7.10.2009 5:27pm
Gabriel McCall (mail):
This was a principally harmless tactic

Only if you believe that there is no harm in placing the police above the law whenever it seems convenient to do so. There are always going to be arguments that good ends justify unlawful means; we have societally made a decision to oppose that viewpoint, and I'd argue that violating that decision is indeed harmful.
7.10.2009 5:27pm
Clayton E. Cramer (mail) (www):

Luckily for us in DC, though, the system takes so long that this measure was used successfully to stop crime in that neighborhood.
Could you consider some other strategy for making DC safe? Like sending convicted violent criminals to prison for long periods of time?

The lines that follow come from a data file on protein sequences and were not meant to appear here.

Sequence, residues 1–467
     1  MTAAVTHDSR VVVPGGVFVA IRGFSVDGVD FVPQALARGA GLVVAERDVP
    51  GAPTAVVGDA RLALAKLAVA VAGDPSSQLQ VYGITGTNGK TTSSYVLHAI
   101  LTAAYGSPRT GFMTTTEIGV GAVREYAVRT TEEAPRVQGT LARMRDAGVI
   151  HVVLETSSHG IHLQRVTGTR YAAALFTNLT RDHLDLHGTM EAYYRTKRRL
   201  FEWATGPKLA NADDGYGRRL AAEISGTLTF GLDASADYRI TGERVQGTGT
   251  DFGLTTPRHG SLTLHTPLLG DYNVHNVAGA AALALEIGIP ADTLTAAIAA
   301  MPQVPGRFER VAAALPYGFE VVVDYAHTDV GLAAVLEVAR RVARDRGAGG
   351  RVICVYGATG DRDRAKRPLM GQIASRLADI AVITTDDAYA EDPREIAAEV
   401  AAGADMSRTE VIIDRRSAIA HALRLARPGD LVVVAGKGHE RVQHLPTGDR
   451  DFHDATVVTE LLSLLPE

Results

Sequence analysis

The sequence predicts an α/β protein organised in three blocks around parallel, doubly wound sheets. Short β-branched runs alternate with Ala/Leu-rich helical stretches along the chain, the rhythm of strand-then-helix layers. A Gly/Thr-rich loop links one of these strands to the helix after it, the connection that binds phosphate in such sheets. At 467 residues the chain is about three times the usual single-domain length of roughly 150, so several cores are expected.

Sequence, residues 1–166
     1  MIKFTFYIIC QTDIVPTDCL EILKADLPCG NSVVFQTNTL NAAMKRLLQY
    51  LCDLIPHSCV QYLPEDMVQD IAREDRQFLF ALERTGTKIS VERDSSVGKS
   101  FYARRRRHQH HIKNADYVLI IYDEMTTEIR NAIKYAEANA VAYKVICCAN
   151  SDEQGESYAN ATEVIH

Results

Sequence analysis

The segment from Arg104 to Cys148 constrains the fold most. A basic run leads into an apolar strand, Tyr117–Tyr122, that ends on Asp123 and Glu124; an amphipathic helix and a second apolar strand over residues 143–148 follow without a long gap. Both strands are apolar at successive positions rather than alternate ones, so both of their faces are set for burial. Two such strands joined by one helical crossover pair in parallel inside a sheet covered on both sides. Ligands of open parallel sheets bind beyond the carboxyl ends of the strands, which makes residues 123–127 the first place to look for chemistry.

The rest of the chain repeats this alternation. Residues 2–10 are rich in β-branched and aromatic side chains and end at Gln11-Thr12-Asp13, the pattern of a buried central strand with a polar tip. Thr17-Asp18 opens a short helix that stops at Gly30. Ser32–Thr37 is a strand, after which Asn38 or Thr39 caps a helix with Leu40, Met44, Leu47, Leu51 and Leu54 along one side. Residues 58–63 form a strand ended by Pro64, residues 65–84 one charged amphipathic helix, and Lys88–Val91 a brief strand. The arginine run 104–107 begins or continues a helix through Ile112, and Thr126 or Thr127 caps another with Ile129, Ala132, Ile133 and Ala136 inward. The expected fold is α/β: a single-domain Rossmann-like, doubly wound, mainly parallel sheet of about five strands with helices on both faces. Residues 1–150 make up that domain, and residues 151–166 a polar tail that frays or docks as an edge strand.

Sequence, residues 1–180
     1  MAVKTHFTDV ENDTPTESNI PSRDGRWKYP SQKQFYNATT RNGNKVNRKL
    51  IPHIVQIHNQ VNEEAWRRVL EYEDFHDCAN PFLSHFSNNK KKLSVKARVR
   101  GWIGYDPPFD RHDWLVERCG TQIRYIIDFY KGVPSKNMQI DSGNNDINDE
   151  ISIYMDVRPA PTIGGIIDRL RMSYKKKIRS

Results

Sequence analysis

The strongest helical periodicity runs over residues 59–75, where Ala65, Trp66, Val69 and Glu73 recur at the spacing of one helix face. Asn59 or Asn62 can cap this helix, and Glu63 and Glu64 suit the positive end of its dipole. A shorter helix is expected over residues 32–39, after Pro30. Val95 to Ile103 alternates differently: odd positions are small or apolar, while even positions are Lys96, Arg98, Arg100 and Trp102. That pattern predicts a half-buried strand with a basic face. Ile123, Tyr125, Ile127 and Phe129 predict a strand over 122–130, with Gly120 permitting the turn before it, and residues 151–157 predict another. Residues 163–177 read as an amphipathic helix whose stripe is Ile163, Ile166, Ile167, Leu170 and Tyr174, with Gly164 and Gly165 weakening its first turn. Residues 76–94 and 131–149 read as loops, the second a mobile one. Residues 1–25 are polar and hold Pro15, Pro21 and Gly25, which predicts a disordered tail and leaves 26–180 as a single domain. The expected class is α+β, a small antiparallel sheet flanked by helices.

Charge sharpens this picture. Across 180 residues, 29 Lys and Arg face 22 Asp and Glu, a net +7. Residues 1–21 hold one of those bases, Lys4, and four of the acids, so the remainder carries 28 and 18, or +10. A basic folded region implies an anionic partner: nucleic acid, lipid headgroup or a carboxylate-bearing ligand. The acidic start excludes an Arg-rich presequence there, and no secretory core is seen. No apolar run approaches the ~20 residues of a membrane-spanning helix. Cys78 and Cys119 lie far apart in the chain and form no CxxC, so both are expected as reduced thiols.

7.10.2009 5:29pm
hawkins:

This was a principally harmless tactic that has now been deemed illegal


Harmless? No more harmless than violating the constitutional rights of drug dealers, thieves, nazis, or any other deplorable person.
7.10.2009 5:31pm
Lior:
It is hard to believe that the DC police legal department approved such measures, yet evidently they did. I wonder what sanctions follow for such malpractice?
7.10.2009 5:31pm
John Burgess (mail) (www):
CC: That would help, as would imposing capital punishment on capital criminals. Or electing a government that didn't thrive through paying tiny little bribes to the electorate so they could collect larger bribes themselves.